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VRE Colonization and Infection

Antibiotic-resistant bacteria are an increasing problem in hospitalized patients and commonly cause infections following broad-spectrum antibiotic administration. Among these, Vancomycin-resistant Enterococcus (VRE) is one of the most common causes of bloodstream infections. Commensal microbes that colonize mucosal surfaces provide defense against infection by physically occupying niches and competing for nutrients. In addition, commensal microbes also condition the intestinal mucosa to resist bacterial invasion by inducing expression of antimicrobial molecules. Clinical use of antibiotics profoundly alters the commensal flora by killing subsets of microbes that are normal intestinal inhabitants. The downstream effects of antibiotic-induced microbial depletion on mucosal innate immune defenses include decreased expression of RegIIIγ, a bactericidal C-type lectin that is secreted by intestinal epithelial cells. RegIIIγ kills VRE in the ileum of mice and decreased expression of RegIIIγ during antibiotic treatment increases susceptibility to VRE colonization (Figure 1).  Our laboratory has demonstrated that oral administration of lipopolysaccharide (LPS), a ligand for TLR4, or systemic administration of flagellin, a ligand for TLR5, reverses antibiotic-induced down-regulation of RegIIIγ and enhances resistance to colonization with VRE (Figure 2).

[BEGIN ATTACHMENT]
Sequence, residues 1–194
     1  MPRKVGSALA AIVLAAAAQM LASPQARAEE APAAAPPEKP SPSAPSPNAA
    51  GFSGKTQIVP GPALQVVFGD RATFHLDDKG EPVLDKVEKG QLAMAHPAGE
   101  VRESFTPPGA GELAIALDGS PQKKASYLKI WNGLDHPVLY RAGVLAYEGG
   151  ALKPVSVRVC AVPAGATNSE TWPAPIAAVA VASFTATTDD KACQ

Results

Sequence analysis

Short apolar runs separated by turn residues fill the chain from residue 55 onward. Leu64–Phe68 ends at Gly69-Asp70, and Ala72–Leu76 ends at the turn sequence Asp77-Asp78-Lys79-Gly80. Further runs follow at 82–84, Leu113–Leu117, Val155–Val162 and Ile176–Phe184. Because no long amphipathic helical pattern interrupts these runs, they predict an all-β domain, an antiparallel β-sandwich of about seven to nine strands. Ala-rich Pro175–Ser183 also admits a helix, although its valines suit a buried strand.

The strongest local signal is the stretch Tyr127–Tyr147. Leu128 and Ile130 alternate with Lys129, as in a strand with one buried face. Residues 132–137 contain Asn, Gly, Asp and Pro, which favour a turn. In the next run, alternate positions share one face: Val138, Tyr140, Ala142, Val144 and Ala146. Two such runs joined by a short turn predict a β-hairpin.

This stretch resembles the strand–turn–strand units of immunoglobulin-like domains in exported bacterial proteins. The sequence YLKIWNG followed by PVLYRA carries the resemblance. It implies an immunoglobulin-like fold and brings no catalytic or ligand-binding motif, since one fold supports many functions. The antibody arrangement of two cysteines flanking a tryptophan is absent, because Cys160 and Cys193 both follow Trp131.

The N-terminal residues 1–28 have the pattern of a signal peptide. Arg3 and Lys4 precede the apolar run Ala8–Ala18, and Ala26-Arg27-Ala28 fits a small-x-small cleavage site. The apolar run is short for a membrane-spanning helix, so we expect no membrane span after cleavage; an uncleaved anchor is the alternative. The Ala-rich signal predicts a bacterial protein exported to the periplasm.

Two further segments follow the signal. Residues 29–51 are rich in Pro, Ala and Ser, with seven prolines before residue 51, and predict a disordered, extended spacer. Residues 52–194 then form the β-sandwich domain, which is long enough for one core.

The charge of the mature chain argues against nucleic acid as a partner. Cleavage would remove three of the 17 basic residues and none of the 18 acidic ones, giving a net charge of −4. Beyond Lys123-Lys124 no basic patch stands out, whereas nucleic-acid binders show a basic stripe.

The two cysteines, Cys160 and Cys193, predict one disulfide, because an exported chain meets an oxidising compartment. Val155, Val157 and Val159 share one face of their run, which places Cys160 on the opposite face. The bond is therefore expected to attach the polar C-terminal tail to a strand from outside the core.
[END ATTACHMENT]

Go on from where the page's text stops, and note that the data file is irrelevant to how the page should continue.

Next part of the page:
To begin to define the commensal bacterial species that confer resistance to VRE colonization, we transplanted fecal microbiota from antibiotic-naïve mice to mice that had intestinal domination by VRE. 

Figure 3

In order to begin to associate specific bacterial species with clearance of VRE from the gut, we reconstituted mice with fractionated fecal microbiota obtained from antibiotic-naïve mice and correlated microbiota composition, determined by next generation sequencing of 16S rRNA genes, with clearance of VRE.  Figure 4 demonstrates that the presence of Barnesiella in the colon correlates with resistance to VRE colonization of the gut.

Figure 4

Ongoing studies in our laboratory are focusing on the development of bacterial consortia that provide high-level resistance to VRE, and to determine mechanisms of microbiota-mediated resistance to VRE colonization beyond the role of RegIIIγ.

Brandl K, Plitas G, Mihu CN, Ubeda C, Jia T, Fleisher M, Schnabl B, DeMatteo RP, Pamer EG. Vancomycin-resistant enterococci exploit innate immune deficits induced by antibiotic treatment. Nature. 2008; 455(7214):804-807.

Kinnebrew MA, Ubeda C, Zenewicz LA, Smith N, Flavell RA, Pamer EG. Bacterial flagellin stimulates TLR5-dependent defense against vancomycin-resistant Enterococcus infection. J Infect Dis. 2010 Feb 15;201(4):534-43.

Ubeda C, Taur Y, Jenq RR, Equinda MJ, Son T, Samstein M, Viale A, Socci ND, van den Brink MR, Kamboj M, Pamer EG. Vancomycin-resistant Enterococcus domination of intestinal microbiota is enabled by antibiotic treatment in mice and precedes bloodstream invasion in humans. J Clin Invest. 2010 Dec 1;120(12):4332-41.

Kinnebrew, MA, Buffie, CG, Diehl, GE, Zenewicz, LA, Leiner, I, Hohl, TM, Flavell, RA, Littman, DR, Pamer EG. IL-23 production by intestinal CD103+CD11b+ dendritic cells in response to bacterial flagellin enhances mucosal innate immune defense. Immunity. 2012 Feb 24;36(2):276-87.

Ubeda C, Lipuma L, Gobourne A, Viale A, Leiner I, Equinda M, Khanin R, Pamer EG. Familial transmission rather than defective innate immunity shapes the distinct intestinal microbiota of TLR-deficient mice. J Exp Med. 2012 Jul 30;209(8): 1445-56.

Ubeda C, Bucci V, Caballero S, Djukovic A, Toussaint NC, Equinda M, Lipuma L, Ling L, Gobourne A, No D, Taur Y, Jenq RR, van den Brink MR, Xavier JB, Pamer EG. Intestinal microbiota containing Barnesiella species cures vancomycin-resistant Enterococcus faecium colonization. Infect Immun. 2013 Jan 14.